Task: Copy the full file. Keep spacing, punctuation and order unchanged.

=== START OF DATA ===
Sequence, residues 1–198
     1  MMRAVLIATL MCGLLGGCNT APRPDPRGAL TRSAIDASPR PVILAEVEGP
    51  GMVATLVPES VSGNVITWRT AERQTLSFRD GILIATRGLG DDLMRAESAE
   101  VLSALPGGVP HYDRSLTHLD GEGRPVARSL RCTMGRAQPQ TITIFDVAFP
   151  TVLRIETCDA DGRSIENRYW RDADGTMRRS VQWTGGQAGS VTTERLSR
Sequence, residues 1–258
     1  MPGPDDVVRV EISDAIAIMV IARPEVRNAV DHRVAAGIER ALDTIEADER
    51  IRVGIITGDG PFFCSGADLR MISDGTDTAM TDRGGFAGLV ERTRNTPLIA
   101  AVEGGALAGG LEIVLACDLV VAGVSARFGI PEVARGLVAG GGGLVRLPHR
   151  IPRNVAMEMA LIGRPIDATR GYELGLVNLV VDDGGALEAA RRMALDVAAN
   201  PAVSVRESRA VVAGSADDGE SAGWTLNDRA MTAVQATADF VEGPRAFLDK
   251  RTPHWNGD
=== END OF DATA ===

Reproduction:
Sequence, residues 1–198
     1  MMRAVLIATL MCGLLGGCNT APRPDPRGAL TRSAIDASPR PVILAEVEGP
    51  GMVATLVPES VSGNVITWRT AERQTLSFRD GILIATRGLG DDLMRAESAE
   101  VLSALPGGVP HYDRSLTHLD GEGRPVARSL RCTMGRAQPQ TITIFDVAFP
   151  TVLRIETCDA DGRSIENRYW RDADGTMRRS VQWTGGQAGS VTTERLSR
Sequence, residues 1–258
     1  MPGPDDVVRV EISDAIAIMV IARPEVRNAV DHRVAAGIER ALDTIEADER
    51  IRVGIITGDG PFFCSGADLR MISDGTDTAM TDRGGFAGLV ERTRNTPLIA
   101  AVEGGALAGG LEIVLACDLV VAGVSARFGI PEVARGLVAG GGGLVRLPHR
   151  IPRNVAMEMA LIGRPIDATR GYELGLVNLV VDDGGALEAA RRMALDVAAN
   201  PAVSVRESRA VVAGSADDGE SAGWTLNDRA MTAVQATADF VEGPRAFLDK
   251  RTPHWNGD